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UF engineering researcher: Cell phones could double as night vision devices

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posted on May, 5 2010 @ 07:05 AM
Full Article

GAINESVILLE, Fla. --- Call it Nitelite: The newest app for cell phones might be night vision.

A University of Florida engineering researcher has crafted a nickel-sized imaging device that uses organic light-emitting diode technology similar to that found in cell phone or laptop screens for night vision. But unlike night vision goggles, which are heavy and expensive, the device is paper-thin, light and inexpensive, making it a possible add-on to cell phone cameras, even eyeglasses, once it is enlarged.

"Really, this is a very inexpensive device," said Franky So, a UF professor of materials science and engineering. "Incorporating it into a cell phone might not be a big deal."

Too neat, more so the "eyeglasses" mention in the article although the cell phone part is rather cool as well. I personally don't wear corrective lenses, but I would love to have a pair of non-corrective lenses with this device or even some blacked out sunglasses.

posted on May, 5 2010 @ 07:23 AM
Nice find OP. I'll be putting my name on the waiting list for one of the first pairs of those glasses.

On a side note, the article mentions a DARPA connection to the company who developed this technology, I wonder if this will be restricted to the military for the foreseeable.

posted on May, 5 2010 @ 07:24 AM
oh wow, kewl !!!!

I want a pair of shades like that

cant wait to see this on the open market

posted on May, 5 2010 @ 08:02 AM
Waste of money if you ask me.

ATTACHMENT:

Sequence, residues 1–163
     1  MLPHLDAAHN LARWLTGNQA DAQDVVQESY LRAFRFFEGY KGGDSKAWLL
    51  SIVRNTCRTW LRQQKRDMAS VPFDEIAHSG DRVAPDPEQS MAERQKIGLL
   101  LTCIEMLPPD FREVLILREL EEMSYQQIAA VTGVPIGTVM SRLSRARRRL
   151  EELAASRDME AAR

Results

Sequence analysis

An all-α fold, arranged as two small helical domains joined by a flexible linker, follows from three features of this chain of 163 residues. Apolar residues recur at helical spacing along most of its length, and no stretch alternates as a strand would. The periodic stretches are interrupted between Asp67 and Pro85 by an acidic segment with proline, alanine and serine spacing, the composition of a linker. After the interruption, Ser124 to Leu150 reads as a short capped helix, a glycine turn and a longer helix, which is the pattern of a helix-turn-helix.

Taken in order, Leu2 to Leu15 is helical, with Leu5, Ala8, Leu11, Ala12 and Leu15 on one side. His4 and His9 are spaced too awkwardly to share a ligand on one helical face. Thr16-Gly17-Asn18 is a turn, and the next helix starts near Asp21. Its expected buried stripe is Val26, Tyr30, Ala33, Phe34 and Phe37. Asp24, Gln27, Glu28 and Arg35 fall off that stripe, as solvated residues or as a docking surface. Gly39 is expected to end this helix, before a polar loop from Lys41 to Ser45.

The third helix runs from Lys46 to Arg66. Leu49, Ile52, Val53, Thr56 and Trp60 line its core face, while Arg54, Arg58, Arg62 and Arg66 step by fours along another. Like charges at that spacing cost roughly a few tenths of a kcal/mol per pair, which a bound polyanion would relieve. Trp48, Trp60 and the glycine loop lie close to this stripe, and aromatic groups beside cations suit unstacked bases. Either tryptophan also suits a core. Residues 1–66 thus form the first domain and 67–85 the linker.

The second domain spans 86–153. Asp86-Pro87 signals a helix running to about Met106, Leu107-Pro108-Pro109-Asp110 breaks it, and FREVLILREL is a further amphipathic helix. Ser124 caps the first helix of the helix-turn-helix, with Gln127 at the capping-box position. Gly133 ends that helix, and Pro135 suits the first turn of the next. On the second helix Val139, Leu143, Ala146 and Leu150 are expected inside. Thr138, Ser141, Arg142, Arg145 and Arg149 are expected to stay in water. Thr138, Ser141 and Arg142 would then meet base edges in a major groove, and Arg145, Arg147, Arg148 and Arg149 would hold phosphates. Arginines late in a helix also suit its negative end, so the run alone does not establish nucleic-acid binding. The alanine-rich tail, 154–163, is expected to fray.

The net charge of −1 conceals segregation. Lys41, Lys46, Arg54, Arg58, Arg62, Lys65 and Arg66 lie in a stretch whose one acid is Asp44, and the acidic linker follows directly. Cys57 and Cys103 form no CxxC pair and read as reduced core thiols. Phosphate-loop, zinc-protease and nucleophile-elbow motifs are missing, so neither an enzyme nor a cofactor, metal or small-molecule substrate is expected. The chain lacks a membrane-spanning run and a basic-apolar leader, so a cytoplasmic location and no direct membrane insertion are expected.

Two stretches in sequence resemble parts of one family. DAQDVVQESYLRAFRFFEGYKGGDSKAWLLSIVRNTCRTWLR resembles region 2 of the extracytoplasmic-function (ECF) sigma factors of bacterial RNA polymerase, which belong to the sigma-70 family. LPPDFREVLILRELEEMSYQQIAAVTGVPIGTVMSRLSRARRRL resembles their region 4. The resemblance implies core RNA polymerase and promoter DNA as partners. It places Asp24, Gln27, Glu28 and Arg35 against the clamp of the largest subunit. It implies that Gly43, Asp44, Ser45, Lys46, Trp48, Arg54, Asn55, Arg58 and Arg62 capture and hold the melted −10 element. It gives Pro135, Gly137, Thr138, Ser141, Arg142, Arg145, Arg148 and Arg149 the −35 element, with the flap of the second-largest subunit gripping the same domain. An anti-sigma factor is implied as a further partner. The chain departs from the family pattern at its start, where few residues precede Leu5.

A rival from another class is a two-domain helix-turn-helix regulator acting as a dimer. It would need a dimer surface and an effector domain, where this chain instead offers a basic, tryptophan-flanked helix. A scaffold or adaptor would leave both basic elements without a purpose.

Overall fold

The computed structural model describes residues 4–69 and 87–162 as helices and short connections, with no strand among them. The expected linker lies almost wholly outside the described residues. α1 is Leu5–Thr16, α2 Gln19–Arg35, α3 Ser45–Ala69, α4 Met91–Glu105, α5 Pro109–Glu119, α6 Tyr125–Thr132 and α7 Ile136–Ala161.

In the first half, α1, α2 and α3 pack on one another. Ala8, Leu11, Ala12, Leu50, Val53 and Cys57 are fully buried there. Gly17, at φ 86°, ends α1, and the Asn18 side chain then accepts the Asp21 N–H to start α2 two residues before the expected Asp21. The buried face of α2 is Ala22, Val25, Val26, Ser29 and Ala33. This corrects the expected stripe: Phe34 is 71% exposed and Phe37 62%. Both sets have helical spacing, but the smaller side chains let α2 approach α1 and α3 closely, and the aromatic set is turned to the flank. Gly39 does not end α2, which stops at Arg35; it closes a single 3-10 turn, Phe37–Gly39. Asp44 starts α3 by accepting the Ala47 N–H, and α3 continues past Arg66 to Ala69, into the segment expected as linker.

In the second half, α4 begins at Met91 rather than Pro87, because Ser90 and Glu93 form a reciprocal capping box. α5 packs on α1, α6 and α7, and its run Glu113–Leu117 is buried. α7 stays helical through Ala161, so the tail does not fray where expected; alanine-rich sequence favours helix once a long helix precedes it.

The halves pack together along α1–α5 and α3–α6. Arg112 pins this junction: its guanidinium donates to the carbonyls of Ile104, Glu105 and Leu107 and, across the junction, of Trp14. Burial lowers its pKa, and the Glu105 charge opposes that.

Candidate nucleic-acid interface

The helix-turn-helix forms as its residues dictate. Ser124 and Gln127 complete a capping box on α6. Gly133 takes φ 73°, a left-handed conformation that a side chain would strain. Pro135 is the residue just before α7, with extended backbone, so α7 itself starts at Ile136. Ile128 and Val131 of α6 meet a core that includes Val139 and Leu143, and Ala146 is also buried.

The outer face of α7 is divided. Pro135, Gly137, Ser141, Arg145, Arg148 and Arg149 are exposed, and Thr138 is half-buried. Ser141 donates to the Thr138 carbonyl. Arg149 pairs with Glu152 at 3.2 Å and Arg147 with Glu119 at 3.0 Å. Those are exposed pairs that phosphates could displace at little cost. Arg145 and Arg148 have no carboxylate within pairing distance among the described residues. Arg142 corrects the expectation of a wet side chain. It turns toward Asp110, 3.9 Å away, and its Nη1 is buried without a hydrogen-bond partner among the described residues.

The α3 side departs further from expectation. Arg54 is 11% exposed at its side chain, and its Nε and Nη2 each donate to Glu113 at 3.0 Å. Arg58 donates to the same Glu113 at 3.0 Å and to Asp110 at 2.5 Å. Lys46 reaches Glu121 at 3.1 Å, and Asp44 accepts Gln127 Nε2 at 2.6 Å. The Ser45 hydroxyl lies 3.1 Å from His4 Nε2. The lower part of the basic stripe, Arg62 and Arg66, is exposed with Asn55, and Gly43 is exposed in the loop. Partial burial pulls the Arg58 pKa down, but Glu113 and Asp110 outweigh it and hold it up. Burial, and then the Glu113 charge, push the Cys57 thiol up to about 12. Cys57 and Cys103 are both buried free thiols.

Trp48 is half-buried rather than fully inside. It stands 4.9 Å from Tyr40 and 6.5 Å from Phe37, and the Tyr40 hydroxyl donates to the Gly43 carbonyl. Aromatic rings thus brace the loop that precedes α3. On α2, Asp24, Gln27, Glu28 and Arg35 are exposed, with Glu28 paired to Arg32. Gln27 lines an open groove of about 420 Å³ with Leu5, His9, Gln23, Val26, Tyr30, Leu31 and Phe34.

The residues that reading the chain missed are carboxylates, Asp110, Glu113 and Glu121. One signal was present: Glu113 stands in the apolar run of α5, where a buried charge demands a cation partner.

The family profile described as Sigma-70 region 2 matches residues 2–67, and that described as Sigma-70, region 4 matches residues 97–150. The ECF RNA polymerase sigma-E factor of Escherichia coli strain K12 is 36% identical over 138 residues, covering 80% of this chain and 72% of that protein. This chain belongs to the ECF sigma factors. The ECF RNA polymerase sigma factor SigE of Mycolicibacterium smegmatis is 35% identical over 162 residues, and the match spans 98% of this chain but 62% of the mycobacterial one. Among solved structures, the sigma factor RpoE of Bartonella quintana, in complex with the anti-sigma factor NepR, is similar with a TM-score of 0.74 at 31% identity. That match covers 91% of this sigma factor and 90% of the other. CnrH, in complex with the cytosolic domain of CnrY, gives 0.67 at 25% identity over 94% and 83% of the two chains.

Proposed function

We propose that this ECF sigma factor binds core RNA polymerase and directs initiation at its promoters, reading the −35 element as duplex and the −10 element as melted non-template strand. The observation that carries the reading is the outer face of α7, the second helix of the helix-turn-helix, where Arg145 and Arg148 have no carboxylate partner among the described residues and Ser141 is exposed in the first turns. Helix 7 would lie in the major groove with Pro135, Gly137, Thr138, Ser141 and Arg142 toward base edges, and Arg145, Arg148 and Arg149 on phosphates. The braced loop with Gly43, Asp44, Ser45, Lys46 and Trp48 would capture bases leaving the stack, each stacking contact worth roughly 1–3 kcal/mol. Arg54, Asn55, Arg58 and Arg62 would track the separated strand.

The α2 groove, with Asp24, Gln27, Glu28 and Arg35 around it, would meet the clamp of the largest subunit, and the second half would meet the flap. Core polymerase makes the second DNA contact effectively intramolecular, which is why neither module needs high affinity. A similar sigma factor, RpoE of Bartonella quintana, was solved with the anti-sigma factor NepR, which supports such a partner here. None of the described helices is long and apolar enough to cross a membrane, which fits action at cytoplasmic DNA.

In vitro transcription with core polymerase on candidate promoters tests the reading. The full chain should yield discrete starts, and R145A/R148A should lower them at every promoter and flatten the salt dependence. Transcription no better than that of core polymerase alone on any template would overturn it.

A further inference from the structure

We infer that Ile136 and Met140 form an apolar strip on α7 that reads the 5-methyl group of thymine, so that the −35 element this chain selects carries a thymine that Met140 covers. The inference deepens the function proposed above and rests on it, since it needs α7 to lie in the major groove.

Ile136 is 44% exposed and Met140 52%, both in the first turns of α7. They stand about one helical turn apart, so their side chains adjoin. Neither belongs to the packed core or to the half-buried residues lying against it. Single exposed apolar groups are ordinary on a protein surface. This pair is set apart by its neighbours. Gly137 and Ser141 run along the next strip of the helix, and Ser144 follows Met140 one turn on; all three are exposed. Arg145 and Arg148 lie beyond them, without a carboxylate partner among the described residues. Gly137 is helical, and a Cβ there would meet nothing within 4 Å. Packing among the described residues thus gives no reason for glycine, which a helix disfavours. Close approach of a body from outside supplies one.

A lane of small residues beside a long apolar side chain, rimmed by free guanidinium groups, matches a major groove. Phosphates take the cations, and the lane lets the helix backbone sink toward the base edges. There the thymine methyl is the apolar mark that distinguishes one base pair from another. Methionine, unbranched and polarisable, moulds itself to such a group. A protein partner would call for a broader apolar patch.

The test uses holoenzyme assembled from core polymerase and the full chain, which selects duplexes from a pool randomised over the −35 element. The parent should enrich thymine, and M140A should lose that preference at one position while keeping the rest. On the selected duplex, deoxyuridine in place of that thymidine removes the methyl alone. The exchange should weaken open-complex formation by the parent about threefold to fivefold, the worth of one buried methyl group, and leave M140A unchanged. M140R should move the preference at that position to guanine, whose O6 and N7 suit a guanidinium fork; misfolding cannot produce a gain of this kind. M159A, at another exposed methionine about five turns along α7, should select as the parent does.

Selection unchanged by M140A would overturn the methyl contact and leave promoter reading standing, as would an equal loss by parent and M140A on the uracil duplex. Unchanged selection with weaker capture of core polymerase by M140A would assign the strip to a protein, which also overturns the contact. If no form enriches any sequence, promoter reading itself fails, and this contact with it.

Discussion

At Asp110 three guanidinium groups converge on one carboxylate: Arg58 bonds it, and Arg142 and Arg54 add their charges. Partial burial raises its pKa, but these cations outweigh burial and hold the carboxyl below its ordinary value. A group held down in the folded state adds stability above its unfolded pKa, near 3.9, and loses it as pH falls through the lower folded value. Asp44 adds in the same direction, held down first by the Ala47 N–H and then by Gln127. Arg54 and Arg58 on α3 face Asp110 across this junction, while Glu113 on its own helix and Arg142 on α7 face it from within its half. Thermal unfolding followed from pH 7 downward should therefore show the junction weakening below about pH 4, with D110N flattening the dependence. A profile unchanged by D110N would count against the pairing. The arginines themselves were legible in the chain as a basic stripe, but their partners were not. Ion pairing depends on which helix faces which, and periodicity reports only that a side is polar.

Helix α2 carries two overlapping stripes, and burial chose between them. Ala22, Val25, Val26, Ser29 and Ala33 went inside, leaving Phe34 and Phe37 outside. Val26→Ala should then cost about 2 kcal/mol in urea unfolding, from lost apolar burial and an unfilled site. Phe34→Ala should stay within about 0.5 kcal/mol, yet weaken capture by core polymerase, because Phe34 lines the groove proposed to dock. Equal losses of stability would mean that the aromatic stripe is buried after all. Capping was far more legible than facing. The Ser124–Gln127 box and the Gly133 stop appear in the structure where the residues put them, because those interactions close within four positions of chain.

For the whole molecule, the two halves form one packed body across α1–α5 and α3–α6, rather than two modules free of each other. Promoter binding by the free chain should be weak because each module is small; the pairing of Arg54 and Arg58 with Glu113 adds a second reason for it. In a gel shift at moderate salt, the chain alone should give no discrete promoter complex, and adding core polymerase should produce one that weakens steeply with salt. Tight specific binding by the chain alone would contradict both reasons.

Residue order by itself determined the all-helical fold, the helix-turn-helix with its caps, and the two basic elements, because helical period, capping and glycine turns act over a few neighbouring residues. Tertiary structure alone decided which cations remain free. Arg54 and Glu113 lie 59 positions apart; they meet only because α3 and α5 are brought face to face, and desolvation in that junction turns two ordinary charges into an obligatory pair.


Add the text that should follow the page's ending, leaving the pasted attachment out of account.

Back when colour screens and polyphonic ringtones were all the rage, me and my mates found out if your screen is nice and bright, hold it right up to one eye and you can see out the other one pretty good when all is dark..

give it a go!

posted on May, 5 2010 @ 12:37 PM
reply to post by selfisolated

hold it right up to one eye and you can see out the other one pretty good when all is dark.

I presume this is because the pupil dilates due to the brightness of the screen and the other pupil does the opposite allowing for most of the images that the brain is receiving from the eye that isn't covered to be processed more intensely. Just a presumption on how this could occur and presuming that is in fact what you were stating in so many words.

Edit to add: I would like to add that one should only try what the above poster has mentioned at their own risk. No telling what prolonged effects this could have on ones eyes.

[edit on 5/5/2010 by UberL33t]

posted on May, 5 2010 @ 01:31 PM
This is HUGE......not!

Most cell phones have CCD camera's on board.

Any CCD device can be turned into infra-red night vision. All you need is an infra-red illuminator (IR LED)

Take your old web cam; tear it apart, remove the IR filter, use any remote control (TV, VCR) as an IR illuminator. You can see in the dark.

google "IR web cam" instructions are all over the Internet.

posted on May, 5 2010 @ 03:28 PM
reply to post by UberL33t

This is cool. If they can turn your eyeglasses to see at night, imagine future applications. Especially if they thin it down to like paper-thin.

Picture applying a thin device on your car's windshield and having nightvision. Or your home's windows. Or what not.

For now, it'll be just a small device you attach to your cellphone. Add a few years, it'll be on your eyeglasses. Add another decade, and the device could be as thin as paper to apply to whatever transparent surface you want.

Great find, OP.

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